Since our founding, I’m proud to say that LEANLAB Education has mobilized 28 ventures who have collectively impacted over 3 million students. Many of these ventures are solving meaningful problems in new ways; they are working on making school transportation more transparent, safe and reliable, making it easier for school leadership to make data-informed, strategic decisions, and making critical thinking and inquiry-based lessons accessible to all.
Yet, it is arduously painful to acknowledge that in our own backyard of Kansas City, not enough—quantifiably—has changed, especially for black and brown children living in poverty. It is even more daunting to note that this trend is not unique to Kansas City—it is present across the nation. Despite hundreds of millions of dollars of philanthropy and countless education reform efforts, staggering inequities in educational outcomes persist. Again, we’ve gotten good at slightly tweaking models, rather than transforming them.
Surfacing the hardest problems to solve.
Before we endeavor to fix the problems of K12 education, we have to understand what those problems are. So we asked the experts—the teachers, students, parents, and administrators that are in the classroom every day.
We conducted two extensive listening tours in 2017 and 2018, consisting of one-on-one interviews and focus groups with the education community in Kansas City. Through this work, we uncovered six critical issues that will inform the innovations we support moving forward.
There is a lack of coordination between schools, communities, service providers, and the business community.
Communication between the parent community and schools is inadequate.
Students desire more engaging learning opportunities.
Mental health and social emotional learning supports for students are lacking.
Students need to gain an advanced level of literacy.
Critical thinking and problem solving skills will be crucial to prepare students for the future.
We believe that the best solutions to our schools most pressing problems can only be achieved when those most affected—students, teachers, parents, and administrators—are active participants in the solution-making process.
That’s why we match promising, early-stage entrepreneurs with innovative public schools to work collaboratively to validate and refine their innovations in actual classrooms. With real-time feedback from students, parents and teachers, our entrepreneurs are able to make swift modifications with the goal of rapidly increasing student impact.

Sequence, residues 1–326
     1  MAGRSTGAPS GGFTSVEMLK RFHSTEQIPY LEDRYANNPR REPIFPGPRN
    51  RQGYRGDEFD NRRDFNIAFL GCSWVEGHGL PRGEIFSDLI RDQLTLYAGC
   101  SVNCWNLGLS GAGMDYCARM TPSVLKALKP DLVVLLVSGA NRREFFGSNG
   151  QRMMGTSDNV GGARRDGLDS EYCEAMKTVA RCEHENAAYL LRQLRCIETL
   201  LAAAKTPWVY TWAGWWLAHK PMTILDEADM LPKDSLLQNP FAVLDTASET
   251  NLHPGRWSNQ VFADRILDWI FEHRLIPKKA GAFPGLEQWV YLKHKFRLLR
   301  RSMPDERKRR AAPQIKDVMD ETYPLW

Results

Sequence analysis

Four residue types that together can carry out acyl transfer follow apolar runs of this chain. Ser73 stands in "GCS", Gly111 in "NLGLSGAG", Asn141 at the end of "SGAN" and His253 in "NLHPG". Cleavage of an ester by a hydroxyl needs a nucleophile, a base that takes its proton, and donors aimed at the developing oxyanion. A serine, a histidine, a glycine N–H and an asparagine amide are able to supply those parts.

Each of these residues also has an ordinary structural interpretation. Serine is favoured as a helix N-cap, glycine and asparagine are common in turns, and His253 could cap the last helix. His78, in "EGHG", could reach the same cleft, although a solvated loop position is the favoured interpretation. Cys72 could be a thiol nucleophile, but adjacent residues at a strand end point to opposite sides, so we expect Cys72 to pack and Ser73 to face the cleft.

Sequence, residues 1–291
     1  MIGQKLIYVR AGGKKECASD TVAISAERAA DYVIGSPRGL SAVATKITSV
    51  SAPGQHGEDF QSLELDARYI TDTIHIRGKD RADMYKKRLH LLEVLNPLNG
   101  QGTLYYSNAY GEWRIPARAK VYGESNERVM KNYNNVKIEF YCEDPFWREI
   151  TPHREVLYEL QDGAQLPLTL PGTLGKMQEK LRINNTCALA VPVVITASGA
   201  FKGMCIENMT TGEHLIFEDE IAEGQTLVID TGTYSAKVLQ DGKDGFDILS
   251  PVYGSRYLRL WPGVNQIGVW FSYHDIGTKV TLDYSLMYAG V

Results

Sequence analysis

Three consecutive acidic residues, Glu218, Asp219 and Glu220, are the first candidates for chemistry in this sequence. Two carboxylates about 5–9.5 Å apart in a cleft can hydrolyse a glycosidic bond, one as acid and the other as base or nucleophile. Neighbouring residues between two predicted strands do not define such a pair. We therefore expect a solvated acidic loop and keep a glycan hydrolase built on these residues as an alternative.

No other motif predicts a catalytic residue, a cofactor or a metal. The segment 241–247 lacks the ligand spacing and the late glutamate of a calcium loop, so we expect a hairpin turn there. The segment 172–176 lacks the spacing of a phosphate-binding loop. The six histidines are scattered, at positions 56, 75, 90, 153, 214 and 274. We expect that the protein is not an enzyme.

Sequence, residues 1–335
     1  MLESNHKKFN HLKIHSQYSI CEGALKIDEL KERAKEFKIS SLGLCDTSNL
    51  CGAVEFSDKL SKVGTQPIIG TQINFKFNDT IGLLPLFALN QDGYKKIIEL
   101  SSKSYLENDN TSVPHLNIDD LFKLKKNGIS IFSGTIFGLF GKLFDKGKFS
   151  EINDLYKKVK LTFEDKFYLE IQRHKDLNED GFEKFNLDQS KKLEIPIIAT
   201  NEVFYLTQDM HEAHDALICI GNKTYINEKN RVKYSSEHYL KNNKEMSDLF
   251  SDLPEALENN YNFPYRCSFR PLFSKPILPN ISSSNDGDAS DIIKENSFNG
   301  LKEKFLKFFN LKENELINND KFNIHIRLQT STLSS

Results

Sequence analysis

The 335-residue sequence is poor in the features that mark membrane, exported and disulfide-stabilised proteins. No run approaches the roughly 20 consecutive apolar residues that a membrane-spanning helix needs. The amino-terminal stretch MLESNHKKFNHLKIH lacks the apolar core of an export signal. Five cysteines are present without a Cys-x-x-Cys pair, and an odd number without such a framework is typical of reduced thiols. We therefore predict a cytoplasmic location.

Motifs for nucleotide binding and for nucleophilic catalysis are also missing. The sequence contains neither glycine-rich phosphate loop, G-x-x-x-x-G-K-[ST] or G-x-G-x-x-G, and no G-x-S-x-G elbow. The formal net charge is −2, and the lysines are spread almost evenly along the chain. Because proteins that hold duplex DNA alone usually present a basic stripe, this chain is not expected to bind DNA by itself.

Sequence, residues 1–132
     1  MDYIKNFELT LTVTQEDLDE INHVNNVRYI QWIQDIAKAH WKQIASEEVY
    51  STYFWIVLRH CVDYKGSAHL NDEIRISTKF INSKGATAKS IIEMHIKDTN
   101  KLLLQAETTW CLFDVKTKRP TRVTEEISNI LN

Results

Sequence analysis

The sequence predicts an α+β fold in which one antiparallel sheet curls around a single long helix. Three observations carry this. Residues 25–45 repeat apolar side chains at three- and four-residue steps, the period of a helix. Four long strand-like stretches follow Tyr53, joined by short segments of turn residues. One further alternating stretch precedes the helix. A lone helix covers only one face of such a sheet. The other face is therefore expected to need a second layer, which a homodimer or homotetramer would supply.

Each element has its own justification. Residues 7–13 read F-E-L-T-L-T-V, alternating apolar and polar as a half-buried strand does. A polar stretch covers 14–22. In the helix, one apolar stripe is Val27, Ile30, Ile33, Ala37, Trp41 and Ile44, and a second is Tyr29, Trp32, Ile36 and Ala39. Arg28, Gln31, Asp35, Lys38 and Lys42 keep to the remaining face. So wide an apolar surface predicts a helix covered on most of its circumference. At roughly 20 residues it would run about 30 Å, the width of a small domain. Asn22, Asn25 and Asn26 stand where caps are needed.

While our fellows work on proving and accelerating their innovations’ impact, they also receive best in class curriculum and coaching in venture development. The end goal is to leave the program with a proven, effective solution that has impacted hundreds of local students—and can be brought to scale, impacting hundreds of thousands more.
inquired and Pitcher Elementary
In June 2018, during the final stage of our selection process for the K12 Fellowship, school leaders gathered to choose the finalists for our fellowship. Among them was Dr. Karol Howard, principal from Pitcher Elementary, a KCPS school on the eastern outskirts of the district. During our listening tour Dr. Howard had been adamant about the need for students to develop critical thinking skills, “with the world changing the way it is,” she said, “they need to be able to think and to analyze to make critical decisions [...] Companies need people who can think, who are creative, who can make decisions. They don’t need people standing on the assembly line anymore.” So, it follows that Dr. Howard would choose to work with Shanti Elangovan and inquirED, an inquiry-based learning platform.
When Shanti and Dr. Howard began working together at the beginning of the fellowship, they quickly decided what they wanted to measure in the following months. First, they needed to find out if teachers with no previous training in inquiry-based learning would be able to effectively implement inquirED. Second, they wanted to find out if the platform increased student engagement. To measure this, Shanti and Dr. Howard, along with Lori Bestgen and Jeannette Ashby-Welter—Pitcher Elementary’s instructional coaching team—worked with Dr. Ebony Edwards to develop observation criteria, surveys, and focus groups.